AN APPLICATION OF IMAGE PROCESSING TECHNIQUES IN COMPUTED TOMOGRAPHY IMAGE ANALYSIS
Article first published online: 22 OCT 2007
© Copyright 2007 by the American College of Veterinary Radiology
Veterinary Radiology & Ultrasound
Volume 48, Issue 6, pages 528–534, November–December 2007
How to Cite
McEVOY, F. J. (2007), AN APPLICATION OF IMAGE PROCESSING TECHNIQUES IN COMPUTED TOMOGRAPHY IMAGE ANALYSIS. Veterinary Radiology & Ultrasound, 48: 528–534. doi: 10.1111/j.1740-8261.2007.00290.x
- Issue published online: 22 OCT 2007
- Article first published online: 22 OCT 2007
- Received February 4, 2007; accepted for publication May 21, 2007.
- computed tomography;
- image analysis;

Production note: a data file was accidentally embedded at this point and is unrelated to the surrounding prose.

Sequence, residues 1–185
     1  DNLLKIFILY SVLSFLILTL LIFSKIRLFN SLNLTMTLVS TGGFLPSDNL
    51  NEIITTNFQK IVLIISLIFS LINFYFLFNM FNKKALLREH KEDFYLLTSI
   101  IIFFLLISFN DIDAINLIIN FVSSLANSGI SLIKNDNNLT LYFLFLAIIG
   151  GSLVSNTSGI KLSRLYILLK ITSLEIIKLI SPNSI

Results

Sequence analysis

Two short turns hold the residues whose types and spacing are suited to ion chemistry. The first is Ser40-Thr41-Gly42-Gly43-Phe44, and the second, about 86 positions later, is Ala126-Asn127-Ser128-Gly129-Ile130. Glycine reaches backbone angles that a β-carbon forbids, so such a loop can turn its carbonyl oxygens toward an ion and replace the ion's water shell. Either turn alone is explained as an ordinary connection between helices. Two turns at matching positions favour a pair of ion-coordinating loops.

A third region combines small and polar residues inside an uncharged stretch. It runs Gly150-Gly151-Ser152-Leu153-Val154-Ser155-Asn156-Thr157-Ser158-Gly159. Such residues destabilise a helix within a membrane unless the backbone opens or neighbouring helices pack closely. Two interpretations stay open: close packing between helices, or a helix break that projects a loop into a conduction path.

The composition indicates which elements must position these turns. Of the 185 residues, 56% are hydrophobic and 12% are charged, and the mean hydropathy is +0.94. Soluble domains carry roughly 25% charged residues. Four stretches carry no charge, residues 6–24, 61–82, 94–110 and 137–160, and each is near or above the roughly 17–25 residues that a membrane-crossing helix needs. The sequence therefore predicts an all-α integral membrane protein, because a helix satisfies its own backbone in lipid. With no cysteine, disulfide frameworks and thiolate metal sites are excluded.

An estimate of the thickness of subcutaneous adipose tissue at differing positions around the body was required in a study examining body composition. To eliminate human error associated with the manual placement of markers for measurements and to facilitate the collection of data from a large number of animals and image slices, automation of the process was desirable. The open-source and free image analysis program ImageJ was used. A macro procedure was created that provided the required functionality. The macro performs a number of basic image processing procedures. These include an initial process designed to remove the scanning table from the image and to center the animal in the image. This is followed by placement of a vertical line segment from the mid point of the upper border of the image to the image center. Measurements are made between automatically detected outer and inner boundaries of subcutaneous adipose tissue along this line segment. This process was repeated as the image was rotated (with the line position remaining unchanged) so that measurements around the complete circumference were obtained. Additionally, an image was created showing all detected boundary points so that sites of measurement could be checked by visual inspection. This paper provides a detailed account of this macro, illustrates the effect of its components on the image, and the applicability of standard image processing techniques to veterinary imaging.